The last time the New England Patriots played against the Kansas City Chiefs, we saw their offense convert three third-and-longs in overtime en route to scoring the game-winning touchdown and advance to Super Bowl 53. A lot has changed since then, however, with both units looking quite different today when compared to January. New England, for example, saw the departures of Rob Gronkowski and Trent Brown during the offseason and also had to place David Andrews and James Develin on injured reserve since.
Kansas City, meanwhile, parted ways with a substantial part of its starting defense from a year ago: defensive tackle Allen Bailey, linebackers Justin Houston and Dee Ford, and defensive backs Eric Berry, Orlando Scandrick and Steven Nelson are no longer with the team. But despite the personnel turnover, the biggest change for the Chiefs’ defense might have come on the sidelines as coordinator Bob Sutton was fired after last year’s AFC Championship debacle against the Patriots.
In order to fill the void, Kansas City brought veteran coordinator Steve Spagnuolo on board and he has been able to get the struggling defense back on track — at least according to Arrowhead Pride’s John Dixon. John spoke with Pats Pulpit earlier this week about the upcoming game between the two clubs, and Spagnuolo’s name naturally came up as well. And for good reason considering how he has transformed the Chiefs’ defense since coming aboard during the offseason.
“Under the previous regime, defenders had to spend too much time thinking and not enough time playing,” said John about a unit that currently ranks 18th in the NFL in scoring, surrendering 21.5 points per game. “Spagnuolo utilizes a simpler one-gap defensive scheme that allows players to get back to relying on their natural instincts. This has resulted in a more downhill (and aggressive) style of play; it has certainly been more fun to watch.”
“That isn’t to say Spagnuolo just sends them out there and watches what happens. He likes to mix up coverages and employ exotic blitzes. He isn’t afraid to take risks. That sometimes means that opponents can make big plays. But a bit more often, the defense is able to make big plays,” he continued. So far this season, Kansas City has certainly been able to do that as the team ranks seventh in the league with 19 turnovers and 11th with 34 sacks.
“The defense is far from perfect; it would have been nearly impossible to turn it into a league-leading unit in one season,” John added when speaking about the impact Spagnuolo’s arrival had on the unit. “But while a year-to-year comparison of some defensive statistics might give you a different impression, this is a much better defense than it was — one that can make plays when it counts.”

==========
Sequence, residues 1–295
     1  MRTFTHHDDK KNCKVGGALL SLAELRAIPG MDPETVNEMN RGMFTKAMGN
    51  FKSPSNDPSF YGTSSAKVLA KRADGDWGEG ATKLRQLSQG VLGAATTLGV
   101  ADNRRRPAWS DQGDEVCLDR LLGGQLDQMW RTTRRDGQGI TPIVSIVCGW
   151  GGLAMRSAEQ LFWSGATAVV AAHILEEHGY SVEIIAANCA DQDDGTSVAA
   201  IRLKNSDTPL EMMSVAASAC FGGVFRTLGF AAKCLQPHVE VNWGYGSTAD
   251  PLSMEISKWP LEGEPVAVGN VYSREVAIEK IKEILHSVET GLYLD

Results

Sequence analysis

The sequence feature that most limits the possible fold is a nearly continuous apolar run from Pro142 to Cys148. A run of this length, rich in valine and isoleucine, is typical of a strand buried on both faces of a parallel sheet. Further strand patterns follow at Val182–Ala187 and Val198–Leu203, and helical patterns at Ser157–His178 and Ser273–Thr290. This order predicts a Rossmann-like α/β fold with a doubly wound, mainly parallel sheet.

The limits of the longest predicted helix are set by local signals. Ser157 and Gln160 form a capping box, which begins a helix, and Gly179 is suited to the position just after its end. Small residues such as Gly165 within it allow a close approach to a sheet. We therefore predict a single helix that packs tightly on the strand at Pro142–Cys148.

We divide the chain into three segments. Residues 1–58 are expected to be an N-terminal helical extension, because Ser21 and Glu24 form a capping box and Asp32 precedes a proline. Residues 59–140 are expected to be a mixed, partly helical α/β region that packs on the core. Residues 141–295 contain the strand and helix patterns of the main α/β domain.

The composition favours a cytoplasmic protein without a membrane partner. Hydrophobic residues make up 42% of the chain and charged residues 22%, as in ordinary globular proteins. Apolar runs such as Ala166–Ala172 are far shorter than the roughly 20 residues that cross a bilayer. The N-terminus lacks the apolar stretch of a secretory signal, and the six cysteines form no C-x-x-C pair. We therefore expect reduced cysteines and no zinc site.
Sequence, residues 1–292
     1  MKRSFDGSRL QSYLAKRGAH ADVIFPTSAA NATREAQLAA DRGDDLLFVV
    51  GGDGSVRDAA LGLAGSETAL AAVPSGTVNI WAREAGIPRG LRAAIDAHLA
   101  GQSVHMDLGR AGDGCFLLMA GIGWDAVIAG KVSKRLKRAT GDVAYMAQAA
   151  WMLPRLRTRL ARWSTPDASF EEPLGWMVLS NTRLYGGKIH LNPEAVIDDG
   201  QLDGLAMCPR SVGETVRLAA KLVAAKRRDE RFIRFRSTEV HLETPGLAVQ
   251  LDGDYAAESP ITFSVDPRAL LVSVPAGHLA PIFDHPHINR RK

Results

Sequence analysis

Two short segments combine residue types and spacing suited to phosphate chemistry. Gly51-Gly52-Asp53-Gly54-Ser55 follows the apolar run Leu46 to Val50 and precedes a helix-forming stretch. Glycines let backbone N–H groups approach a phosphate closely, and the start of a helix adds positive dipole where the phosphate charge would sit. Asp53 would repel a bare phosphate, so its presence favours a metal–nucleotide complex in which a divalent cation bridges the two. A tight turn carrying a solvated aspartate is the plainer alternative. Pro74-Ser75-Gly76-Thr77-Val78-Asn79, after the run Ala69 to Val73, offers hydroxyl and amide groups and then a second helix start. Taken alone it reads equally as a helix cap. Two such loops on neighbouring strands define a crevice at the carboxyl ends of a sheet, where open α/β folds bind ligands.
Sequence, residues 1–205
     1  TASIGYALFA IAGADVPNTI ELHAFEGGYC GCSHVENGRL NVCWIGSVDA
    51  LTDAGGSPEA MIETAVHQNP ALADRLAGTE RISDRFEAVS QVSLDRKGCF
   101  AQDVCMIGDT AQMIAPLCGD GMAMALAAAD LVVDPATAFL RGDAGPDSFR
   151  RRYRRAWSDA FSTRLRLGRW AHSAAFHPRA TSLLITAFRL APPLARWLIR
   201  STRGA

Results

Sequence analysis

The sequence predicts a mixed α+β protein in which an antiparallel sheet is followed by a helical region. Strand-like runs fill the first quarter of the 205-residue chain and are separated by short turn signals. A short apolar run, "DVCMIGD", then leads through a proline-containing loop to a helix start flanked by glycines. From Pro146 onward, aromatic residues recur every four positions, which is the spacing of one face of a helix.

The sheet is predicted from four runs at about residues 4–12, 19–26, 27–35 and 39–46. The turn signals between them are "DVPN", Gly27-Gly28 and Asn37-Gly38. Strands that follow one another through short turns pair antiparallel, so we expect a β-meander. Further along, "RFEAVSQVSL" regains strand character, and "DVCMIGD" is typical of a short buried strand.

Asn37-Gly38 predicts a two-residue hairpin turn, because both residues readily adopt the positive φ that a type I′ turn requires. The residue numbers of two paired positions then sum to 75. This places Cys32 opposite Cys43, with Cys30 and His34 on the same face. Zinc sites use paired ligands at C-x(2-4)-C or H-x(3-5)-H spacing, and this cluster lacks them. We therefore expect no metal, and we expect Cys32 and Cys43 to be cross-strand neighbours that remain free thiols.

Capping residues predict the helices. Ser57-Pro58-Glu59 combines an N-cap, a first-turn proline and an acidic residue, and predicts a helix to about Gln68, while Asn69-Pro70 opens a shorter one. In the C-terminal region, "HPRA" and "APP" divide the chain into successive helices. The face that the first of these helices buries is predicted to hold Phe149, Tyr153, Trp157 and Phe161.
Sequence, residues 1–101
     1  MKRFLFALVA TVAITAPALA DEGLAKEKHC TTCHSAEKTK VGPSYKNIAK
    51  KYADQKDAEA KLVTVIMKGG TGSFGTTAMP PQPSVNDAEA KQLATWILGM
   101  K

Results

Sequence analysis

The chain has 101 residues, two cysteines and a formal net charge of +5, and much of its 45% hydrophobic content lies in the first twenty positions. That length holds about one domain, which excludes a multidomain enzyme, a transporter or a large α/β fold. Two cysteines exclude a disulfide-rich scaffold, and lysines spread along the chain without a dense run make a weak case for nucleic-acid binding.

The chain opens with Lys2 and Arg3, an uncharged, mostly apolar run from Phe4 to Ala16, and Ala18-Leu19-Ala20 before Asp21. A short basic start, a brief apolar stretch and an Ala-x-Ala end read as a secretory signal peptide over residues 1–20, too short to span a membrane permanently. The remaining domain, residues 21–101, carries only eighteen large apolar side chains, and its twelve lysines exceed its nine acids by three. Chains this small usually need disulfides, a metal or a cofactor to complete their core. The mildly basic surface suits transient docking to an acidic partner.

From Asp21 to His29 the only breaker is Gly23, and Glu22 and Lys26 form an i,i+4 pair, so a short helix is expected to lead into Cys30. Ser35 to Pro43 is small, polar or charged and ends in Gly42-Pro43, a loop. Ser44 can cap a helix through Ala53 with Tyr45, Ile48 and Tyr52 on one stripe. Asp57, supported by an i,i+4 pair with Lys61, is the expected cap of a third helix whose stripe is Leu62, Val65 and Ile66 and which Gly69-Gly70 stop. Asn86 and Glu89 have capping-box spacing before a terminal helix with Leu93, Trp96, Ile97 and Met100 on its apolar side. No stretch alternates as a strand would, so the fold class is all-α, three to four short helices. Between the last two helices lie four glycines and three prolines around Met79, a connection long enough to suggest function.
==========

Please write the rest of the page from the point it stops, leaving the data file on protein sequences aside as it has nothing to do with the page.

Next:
Despite that, there are still some shortcomings Kansas City needs to overcome defensively in order to play successful football. For starters, the run defense is still not up to par: while the Chiefs as a whole rank 15th in the NFL with a DVOA of -2.1% — meaning that the team is above-average when analyzed on a play-to-play basis — they check in as only the 30th best unit in the league when it comes to slowing down opposing ground games (+7.2%).
Last year, the Patriots were able to successfully run the ball against Kansas City and a repeat performance is not out of the question. However, according to John, the Patriots should also be able to find success throwing the football — even though not all areas of the field are necessarily the right ones to target. The secondary, for example, has played well and the team as a whole ranks sixth against the pass with a DVOA of -9.9%.
“I wouldn’t attack the secondary deep; we’ve been pleasantly surprised that they’ve proven themselves to be up to that challenge,” said John about the Chiefs’ defensive backfield — one that has seen major contributions from three players added over the course of the offseason: free agency signing Tyrann Mathieu and second-round rookie Juan Thornhill are now the team’s starting safety tandem, while Rashad Fenton has seen plenty of action as a rotational cornerback and core special teamer.
“Thornhill is coming into his own alongside Tyrann Mathieu, whom the Chiefs acquired in free agency. Both had interceptions against Derek Carr in the 40-9 defeat of the Oakland Raiders in Week 13,” John said. “Rookie cornerback Rashad Fenton has to be an honorable mention on defense; he performed admirably while slot cornerback Kendall Fuller was injured — and has been really good on special teams, too. Fenton, however, might miss Sunday’s game with a hamstring injury.”
Kansas City’s secondary has performed admirably, but it is not the only unit to play well. According to John, the defensive line — led by stalwart tackle Chris Jones and offseason trade acquisition Frank Clark — has also had some solid stretches of play: “It’s taken a little time for them to get it together — and they’ve had to deal with a lot of injuries, too — but I’d be wary of the Chiefs defensive line. They’re playing much better than they did early in the season.”
“That leaves the linebackers,” John continued when breaking down the Chiefs’ defense and which areas the Patriots should attack. “As a group, they are less than ideal in coverage. Opposing teams have been able to find success with underneath routes and the use of running backs as receivers. The Chiefs have sometimes been able to make in-game adjustments to contain this approach — but not always.”
With the linebacker group having its fair share of inconsistencies in coverage, the Patriots could attempt to get its running backs and tight ends matched up on them — with one player standing out in particular: James White, who combined to catch nine passes for 102 yards against the Chiefs last year. With New England’s recent struggles moving the football through the air, the ever-reliable White could become a key piece to put pressure on an an improved Kansas City defense.